646 F2d 863 National Labor Relations Board v. Fourco Glass Company
646 F.2d 863
107 L.R.R.M. (BNA) 2111, 91 Lab.Cas. P 12,722
NATIONAL LABOR RELATIONS BOARD, Petitioner,
FOURCO GLASS COMPANY, Rolland Division, Respondent.
United States Court of Appeals,
Argued Feb. 5, 1981.
Decided April 22, 1981.
David R. Marshall, Law Clerk, N. L. R. B. (William A. Lubbers, General Counsel, John E. Higgins, Jr., Deputy General Counsel, Robert E. Allen, Acting Associate General Counsel, Elliott Moore, Deputy Associate General Counsel, Vivian A. Miller, Washington, D. C., on brief), for petitioner.
Robert B. Vining, Jr., Clayton, Mo., for respondent.
Before WIDENER and SPROUSE, Circuit Judges, and WILLIAMS*, District Judge.
SPROUSE, Circuit Judge:
The National Labor Relations Board petitions for enforcement of its July 24, 1980 decision and order finding respondent Fourco Glass Company in violation of sections 8(a)(1) and 8(a)(5) of the National Labor Relations Act, 29 U.S.C. §§ 158(a)(1), 158(a)(5).
Fourco's Rolland Division manufactures glassware at its Clarksburg, West Virginia plant. Its employees have been represented by a union for thirty years. In July 1979 a collective bargaining agreement was in effect and was not due to expire until April 1, 1980. Under this agreement, between 25 and 50 of the 200 production employees participated in an incentive pay program.
Fourco in July 1979 unilaterally eliminated the incentive program and implemented a new wage plan which included a new hourly rate. It had met with union representatives on several occasions prior to that time seeking, without success, their approval of these changes. After appropriate proceedings, the Board found Fourco's unilateral decision an unfair labor practice and ordered it to reinstate the incentive program, post the customary Board notices, and compensate involved employees for lost wages.
Fourco and the union subsequently renegotiated their collective bargaining agreement, replacing the one that terminated on April 1, 1980. Fourco and the union agreed that the employees would be paid a lump sum for the untimely elimination of the incentive program as a complete and final settlement of the case sub judice. The union agreed to request the Board that the charge involved in this case be withdrawn.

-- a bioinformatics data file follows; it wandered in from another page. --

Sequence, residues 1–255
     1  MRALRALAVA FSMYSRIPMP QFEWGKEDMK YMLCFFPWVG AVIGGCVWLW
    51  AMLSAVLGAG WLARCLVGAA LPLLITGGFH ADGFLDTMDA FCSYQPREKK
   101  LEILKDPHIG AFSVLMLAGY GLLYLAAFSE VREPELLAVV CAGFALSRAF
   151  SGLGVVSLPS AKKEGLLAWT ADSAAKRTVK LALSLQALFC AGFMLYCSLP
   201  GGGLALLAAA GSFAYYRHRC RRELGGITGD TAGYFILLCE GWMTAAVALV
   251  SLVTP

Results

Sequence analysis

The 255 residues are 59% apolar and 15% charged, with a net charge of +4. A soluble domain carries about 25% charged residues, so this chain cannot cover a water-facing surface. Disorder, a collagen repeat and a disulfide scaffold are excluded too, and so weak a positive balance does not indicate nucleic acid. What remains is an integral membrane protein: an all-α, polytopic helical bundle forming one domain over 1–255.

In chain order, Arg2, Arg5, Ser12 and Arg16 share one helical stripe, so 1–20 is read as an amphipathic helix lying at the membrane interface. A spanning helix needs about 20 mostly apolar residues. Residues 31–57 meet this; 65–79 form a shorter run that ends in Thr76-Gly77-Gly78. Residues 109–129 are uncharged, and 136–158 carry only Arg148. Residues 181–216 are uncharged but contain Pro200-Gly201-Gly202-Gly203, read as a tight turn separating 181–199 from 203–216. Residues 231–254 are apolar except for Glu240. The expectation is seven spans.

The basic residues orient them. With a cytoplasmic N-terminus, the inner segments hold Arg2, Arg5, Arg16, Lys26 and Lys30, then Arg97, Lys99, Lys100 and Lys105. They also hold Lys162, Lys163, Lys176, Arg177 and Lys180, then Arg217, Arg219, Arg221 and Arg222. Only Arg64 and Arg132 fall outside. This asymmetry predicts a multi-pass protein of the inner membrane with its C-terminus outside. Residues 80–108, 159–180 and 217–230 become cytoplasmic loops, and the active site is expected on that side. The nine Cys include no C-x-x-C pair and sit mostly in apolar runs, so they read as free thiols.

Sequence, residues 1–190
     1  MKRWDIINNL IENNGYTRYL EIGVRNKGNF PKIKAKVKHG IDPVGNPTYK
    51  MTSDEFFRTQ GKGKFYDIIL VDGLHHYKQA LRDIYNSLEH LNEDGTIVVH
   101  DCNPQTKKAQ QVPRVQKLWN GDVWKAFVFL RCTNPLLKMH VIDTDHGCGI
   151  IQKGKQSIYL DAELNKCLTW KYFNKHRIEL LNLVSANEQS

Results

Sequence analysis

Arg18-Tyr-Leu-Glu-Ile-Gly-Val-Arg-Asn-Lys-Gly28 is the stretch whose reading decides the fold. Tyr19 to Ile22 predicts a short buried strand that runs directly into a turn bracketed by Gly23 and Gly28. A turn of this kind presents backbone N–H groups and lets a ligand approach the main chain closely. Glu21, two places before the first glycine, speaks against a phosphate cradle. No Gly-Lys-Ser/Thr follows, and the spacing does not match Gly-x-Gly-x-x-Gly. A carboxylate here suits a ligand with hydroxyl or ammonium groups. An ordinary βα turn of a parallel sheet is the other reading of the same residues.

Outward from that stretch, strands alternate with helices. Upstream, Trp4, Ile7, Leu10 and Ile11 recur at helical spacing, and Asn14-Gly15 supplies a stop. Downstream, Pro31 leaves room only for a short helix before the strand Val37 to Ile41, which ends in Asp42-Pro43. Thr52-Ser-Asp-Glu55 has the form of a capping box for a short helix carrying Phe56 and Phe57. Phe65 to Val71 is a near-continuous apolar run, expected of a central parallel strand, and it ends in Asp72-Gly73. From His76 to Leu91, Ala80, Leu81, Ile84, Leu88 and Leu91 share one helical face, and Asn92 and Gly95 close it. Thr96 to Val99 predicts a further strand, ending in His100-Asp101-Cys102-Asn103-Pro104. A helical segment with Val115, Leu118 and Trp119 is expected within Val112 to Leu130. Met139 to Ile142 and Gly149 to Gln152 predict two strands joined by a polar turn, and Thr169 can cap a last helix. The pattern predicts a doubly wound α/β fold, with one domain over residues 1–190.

Inasmuch as the issues underlying this controversy are moot, we deny enforcement. It is true a private settlement does not bar a Board-ordered remedy necessary to effectuate the purposes of the Act, NLRB v. Threads, Inc., 308 F.2d 1 (4th Cir. 1962), that the cessation of unfair labor practices does not necessarily eliminate the need for court enforcement of a Board order, NLRB v. Raytheon Co., 398 U.S. 25, 90 S.Ct. 1547, 26 L.Ed.2d 21 (1970); NLRB v. Mexia Textile Mills, Inc., 339 U.S. 653, 70 S.Ct. 826, 94 L.Ed. 1067 (1950), and that an order in such circumstances may be enforced to deter future misconduct. NLRB v. Gissel Packing Co., 395 U.S. 575, 89 S.Ct. 1918, 23 L.Ed.2d 547 (1969). However, none of the policy reasons which suggested the need for enforcement in those cases are present here.
Fourco is undergoing the economic difficulty now being experienced by much of the glass industry, a difficulty unfortunately shared by its employees. Together they have resolved their difficulties in a manner which, obviously, they hope will advance their joint effort to remain economically viable. We do not suggest that a dispute settlement between a union and a financially-plagued company will always render a Board order moot. Nevertheless, although Fourco violated the Act in unilaterally terminating part of an existing wage agreement, its actions, under the discrete circumstances of this case, are not of the kind that require continued Board scrutiny.
Richard L. Williams, United States District Judge for the Eastern District of Virginia, sitting by designation